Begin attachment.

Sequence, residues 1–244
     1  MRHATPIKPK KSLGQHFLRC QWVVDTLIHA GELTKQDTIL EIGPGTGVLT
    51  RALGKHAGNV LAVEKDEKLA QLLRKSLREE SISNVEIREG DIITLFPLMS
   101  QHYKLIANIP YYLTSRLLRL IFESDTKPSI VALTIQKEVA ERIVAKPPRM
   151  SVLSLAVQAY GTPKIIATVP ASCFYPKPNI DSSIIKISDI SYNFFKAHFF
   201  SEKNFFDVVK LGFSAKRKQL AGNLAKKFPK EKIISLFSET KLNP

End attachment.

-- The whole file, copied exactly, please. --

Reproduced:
Sequence, residues 1–244
     1  MRHATPIKPK KSLGQHFLRC QWVVDTLIHA GELTKQDTIL EIGPGTGVLT
    51  RALGKHAGNV LAVEKDEKLA QLLRKSLREE SISNVEIREG DIITLFPLMS
   101  QHYKLIANIP YYLTSRLLRL IFESDTKPSI VALTIQKEVA ERIVAKPPRM
   151  SVLSLAVQAY GTPKIIATVP ASCFYPKPNI DSSIIKISDI SYNFFKAHFF
   201  SEKNFFDVVK LGFSAKRKQL AGNLAKKFPK EKIISLFSET KLNP